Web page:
I do this work because, like any other artist, if I don't then I'm suppressing my voice, I'm not being brave and I'm not taking risks. Does it bother me that each piece takes hours and hours and hours? Ummm ... yes. Do I care if anyone likes it? Oh my God, of course ... I want everybody to like me. I want everybody to want to be my friend. I want to make everybody happy because it's my nature to avoid conflict and to change topic to keep it so. Will a personality like this tuck my work into a safe cozy place? It could and has before. But I'm practicing the fine art of sticking my fingers in my ears (la-la-la-la-la) and not listening to myself. I've had enough people reach out (mostly women, but an interesting number of men) to know that I'm creating imagery that stays in their minds. People are saying thank you for doing the work. I never expected that.
(Sideways glances and total avoidance maybe, but never a thank you).
4. How does my process work?
I'm a sketchbook person, except that other artists' sketchbooks look fabulous and mine look like crap. My junk drawer also looks like crap, so at some point I made the very freeing decision that my sketchbook should also be a junk drawer, as in: What do I do with this idea? I have no place for this, it's garbage but I can't throw it away -- what if I need it someday? Chuck it in, slam it shut and deal with it later. No ideas are precious, but they're all useful and just so close to having been sucked into the central vacuuming system and lost forever.
I also: work on the wall, hoard fabric, cut apart clothing, allow an entire week to read the Sunday edition of the New York Times, add to/edit my highly curated Pinterest boards (sorry, no recipes), scour thrift stores for fabric, talk to my mother on the phone, avoid cooking dinner ("No, it's not the same leftover soup, this soup has rice in it now!"), periodically go through the house like a dervish and send everything to good will and feel intensely wonderful about this, spend a lot of time studying what other artists are doing, then spend even more time talking myself off the ledge when it's obvious I'm not doing what they're doing and feel intensely horrible about this, then I shut my studio door and work and work and work. And when I can't move my neck I hobble into my chiropractor's office and he says, "What have you been DOING?"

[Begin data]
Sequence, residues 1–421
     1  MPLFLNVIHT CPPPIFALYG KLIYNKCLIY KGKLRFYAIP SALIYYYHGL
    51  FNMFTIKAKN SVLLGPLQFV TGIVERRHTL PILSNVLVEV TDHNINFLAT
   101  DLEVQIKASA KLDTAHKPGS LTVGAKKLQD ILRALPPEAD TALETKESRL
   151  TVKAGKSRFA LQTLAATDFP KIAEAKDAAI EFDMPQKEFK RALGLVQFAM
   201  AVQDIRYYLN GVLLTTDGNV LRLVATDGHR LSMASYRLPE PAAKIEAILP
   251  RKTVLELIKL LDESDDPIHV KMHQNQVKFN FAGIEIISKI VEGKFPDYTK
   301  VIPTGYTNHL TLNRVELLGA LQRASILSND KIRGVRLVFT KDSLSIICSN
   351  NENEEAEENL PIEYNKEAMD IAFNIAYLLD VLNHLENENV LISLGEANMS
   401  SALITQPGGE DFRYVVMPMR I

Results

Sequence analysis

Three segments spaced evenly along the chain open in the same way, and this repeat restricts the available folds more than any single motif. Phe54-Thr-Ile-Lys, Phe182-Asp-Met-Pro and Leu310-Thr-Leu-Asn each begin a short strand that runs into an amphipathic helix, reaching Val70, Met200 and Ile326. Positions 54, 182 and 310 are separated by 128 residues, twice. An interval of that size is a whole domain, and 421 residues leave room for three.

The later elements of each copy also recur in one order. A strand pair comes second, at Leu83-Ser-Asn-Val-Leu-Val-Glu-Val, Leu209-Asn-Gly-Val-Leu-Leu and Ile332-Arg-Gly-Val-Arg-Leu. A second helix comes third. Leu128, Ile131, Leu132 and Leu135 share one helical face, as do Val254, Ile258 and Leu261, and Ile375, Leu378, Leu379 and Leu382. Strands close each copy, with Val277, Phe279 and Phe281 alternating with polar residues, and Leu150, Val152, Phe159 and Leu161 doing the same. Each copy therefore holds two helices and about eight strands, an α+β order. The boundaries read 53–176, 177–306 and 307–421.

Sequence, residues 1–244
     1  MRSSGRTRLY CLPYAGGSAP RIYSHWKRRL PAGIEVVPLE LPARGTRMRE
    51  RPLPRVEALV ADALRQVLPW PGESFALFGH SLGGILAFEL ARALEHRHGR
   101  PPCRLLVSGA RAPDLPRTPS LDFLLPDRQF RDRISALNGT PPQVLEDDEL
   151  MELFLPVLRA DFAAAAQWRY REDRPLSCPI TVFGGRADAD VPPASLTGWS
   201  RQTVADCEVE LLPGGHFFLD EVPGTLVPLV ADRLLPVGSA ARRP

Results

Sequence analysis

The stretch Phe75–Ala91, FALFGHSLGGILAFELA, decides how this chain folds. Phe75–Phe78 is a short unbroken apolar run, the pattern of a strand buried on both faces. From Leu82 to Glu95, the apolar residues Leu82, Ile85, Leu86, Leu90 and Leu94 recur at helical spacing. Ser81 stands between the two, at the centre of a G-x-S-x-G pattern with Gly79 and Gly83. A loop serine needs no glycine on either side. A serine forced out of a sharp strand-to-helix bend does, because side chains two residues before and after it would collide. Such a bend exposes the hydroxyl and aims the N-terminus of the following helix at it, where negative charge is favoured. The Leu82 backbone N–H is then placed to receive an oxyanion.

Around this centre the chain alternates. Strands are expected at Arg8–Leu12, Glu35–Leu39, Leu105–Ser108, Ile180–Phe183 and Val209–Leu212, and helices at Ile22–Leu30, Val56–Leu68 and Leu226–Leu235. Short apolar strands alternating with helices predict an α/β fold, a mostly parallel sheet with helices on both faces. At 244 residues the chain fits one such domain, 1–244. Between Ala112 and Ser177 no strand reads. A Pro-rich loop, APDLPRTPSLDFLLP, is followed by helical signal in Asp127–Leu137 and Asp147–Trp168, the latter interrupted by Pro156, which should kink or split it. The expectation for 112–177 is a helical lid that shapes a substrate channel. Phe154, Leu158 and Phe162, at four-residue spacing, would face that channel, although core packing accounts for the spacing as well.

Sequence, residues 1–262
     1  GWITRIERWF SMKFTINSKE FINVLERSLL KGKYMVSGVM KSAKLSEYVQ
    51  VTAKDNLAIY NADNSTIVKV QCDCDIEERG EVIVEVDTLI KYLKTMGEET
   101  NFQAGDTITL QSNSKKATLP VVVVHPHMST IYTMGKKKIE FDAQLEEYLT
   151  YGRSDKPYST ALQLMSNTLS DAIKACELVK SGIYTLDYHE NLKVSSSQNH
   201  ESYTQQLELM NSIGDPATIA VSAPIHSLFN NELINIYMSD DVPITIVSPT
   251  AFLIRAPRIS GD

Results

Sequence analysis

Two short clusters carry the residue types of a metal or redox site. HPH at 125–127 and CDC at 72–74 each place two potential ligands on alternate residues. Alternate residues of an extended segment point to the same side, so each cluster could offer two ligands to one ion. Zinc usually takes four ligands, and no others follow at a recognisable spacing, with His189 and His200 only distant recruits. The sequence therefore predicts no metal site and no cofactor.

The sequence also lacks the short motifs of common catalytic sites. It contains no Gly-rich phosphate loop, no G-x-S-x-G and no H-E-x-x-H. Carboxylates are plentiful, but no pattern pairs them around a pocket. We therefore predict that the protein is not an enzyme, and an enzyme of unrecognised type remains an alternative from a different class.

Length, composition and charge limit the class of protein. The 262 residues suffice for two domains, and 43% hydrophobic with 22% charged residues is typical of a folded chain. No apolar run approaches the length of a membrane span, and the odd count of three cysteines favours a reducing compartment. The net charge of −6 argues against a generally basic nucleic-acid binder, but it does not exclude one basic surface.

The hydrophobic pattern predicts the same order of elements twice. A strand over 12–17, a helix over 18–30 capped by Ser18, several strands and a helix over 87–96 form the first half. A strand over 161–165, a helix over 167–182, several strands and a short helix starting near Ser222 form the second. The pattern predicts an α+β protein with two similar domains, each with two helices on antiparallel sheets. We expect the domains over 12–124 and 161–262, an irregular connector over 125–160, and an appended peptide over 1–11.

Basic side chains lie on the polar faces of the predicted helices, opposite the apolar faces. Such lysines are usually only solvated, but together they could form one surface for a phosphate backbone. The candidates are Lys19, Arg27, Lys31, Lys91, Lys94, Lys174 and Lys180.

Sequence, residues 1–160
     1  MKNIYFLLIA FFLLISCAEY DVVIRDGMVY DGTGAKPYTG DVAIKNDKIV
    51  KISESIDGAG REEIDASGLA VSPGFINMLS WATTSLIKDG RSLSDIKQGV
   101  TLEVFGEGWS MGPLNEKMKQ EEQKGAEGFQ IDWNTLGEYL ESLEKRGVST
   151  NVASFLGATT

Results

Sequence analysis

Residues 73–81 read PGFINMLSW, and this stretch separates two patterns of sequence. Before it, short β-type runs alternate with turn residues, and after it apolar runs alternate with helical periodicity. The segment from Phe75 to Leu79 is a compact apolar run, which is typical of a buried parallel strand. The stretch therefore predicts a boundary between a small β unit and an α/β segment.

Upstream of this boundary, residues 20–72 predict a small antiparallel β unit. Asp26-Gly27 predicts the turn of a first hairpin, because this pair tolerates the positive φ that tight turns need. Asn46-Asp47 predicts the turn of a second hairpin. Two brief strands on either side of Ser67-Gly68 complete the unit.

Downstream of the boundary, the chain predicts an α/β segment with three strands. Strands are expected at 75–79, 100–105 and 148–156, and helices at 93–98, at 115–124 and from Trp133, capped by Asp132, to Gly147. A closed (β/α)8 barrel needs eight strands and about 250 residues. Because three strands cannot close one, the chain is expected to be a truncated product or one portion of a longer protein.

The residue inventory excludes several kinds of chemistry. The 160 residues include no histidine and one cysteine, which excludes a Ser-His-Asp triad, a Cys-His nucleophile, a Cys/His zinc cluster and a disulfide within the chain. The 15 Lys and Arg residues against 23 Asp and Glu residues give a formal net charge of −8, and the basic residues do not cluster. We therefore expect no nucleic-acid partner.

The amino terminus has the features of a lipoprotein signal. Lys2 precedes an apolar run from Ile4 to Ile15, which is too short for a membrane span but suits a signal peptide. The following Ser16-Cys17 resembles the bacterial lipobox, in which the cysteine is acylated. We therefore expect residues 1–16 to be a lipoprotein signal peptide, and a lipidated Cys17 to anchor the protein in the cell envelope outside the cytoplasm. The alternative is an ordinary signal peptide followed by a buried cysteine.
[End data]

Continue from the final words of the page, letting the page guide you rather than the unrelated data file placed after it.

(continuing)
And then I write about it, which has become an equally important component to the work, because it's through the distillation of voice that I find the essence of what I'm trying to achieve. Often, I don't realize what the visual work means until I explore its literary component.
Oh, and I listen to my kids, because sometimes they ask little things like, "Mama, what in this house can catch on fire?" about a million times and it's so freaking brilliant I just have to write it down.
So that's me.
Now for something completely different.
Up for next week (October 18 -- mark your calendars), these same 4 questions will be answered by the two artists I've chosen: Kate Bowles and Jonathan Bower.
And if anyone else out there has participated in this Blog Hop, please leave the link to your blog post in the comment section so we can all see how you answered the questions and hop over to the artists you chose, too.
Artist in Anchorage, Alaska, sometimes blogging about the collision of history, family & art, with the understanding that none exists without the other.